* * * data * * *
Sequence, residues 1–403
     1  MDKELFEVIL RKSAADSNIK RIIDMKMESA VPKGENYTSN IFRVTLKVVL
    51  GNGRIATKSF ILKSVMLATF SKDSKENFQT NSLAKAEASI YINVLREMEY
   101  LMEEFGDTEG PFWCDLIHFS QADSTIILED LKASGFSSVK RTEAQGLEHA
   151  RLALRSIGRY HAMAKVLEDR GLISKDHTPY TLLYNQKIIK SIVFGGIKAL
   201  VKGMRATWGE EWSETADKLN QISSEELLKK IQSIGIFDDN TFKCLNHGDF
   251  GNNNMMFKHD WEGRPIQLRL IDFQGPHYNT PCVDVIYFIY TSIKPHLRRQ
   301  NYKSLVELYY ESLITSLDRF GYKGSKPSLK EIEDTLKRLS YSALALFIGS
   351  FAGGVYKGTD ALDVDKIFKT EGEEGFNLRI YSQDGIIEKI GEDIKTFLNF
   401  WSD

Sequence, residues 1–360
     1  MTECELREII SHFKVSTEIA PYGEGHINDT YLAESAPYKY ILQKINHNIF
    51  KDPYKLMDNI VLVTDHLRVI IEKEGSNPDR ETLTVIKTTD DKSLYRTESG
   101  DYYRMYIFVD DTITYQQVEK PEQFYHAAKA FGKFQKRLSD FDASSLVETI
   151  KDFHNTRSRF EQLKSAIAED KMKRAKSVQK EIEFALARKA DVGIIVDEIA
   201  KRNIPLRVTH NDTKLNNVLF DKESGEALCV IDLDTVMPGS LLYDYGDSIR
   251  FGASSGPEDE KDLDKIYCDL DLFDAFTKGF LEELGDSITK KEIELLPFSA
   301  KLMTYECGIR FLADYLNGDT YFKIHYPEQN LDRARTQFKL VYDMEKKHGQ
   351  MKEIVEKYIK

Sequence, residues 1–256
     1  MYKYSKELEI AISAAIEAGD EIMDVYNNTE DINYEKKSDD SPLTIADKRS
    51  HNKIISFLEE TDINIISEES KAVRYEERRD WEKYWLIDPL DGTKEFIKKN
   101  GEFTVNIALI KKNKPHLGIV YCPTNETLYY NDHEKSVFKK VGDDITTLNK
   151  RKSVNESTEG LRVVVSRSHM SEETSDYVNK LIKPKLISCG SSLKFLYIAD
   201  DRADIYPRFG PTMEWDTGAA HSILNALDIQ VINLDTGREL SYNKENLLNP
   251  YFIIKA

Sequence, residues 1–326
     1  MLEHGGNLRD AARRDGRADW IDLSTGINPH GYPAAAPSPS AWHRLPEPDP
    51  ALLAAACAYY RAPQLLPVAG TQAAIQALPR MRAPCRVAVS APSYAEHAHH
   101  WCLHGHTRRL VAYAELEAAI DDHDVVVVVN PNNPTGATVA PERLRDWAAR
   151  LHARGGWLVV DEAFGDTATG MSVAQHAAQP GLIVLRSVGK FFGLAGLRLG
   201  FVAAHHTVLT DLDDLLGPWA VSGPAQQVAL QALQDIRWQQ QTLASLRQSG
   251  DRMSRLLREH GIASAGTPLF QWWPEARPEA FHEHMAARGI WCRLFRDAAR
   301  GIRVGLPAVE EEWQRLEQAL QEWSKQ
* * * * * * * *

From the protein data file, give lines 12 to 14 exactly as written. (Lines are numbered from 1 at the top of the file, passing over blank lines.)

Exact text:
     1  MTECELREII SHFKVSTEIA PYGEGHINDT YLAESAPYKY ILQKINHNIF
    51  KDPYKLMDNI VLVTDHLRVI IEKEGSNPDR ETLTVIKTTD DKSLYRTESG
   101  DYYRMYIFVD DTITYQQVEK PEQFYHAAKA FGKFQKRLSD FDASSLVETI